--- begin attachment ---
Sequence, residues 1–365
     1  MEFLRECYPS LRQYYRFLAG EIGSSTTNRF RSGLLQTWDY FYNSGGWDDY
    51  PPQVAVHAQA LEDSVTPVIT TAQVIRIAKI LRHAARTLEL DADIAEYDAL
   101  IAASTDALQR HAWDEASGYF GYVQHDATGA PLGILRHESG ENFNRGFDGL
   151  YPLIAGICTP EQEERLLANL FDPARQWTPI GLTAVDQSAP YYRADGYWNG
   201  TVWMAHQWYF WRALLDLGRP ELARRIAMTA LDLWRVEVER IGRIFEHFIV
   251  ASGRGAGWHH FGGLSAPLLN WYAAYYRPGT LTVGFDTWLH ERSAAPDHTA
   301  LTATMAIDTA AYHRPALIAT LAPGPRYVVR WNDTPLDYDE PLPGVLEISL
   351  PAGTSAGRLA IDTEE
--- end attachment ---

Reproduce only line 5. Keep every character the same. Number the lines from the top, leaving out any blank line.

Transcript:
   151  YPLIAGICTP EQEERLLANL FDPARQWTPI GLTAVDQSAP YYRADGYWNG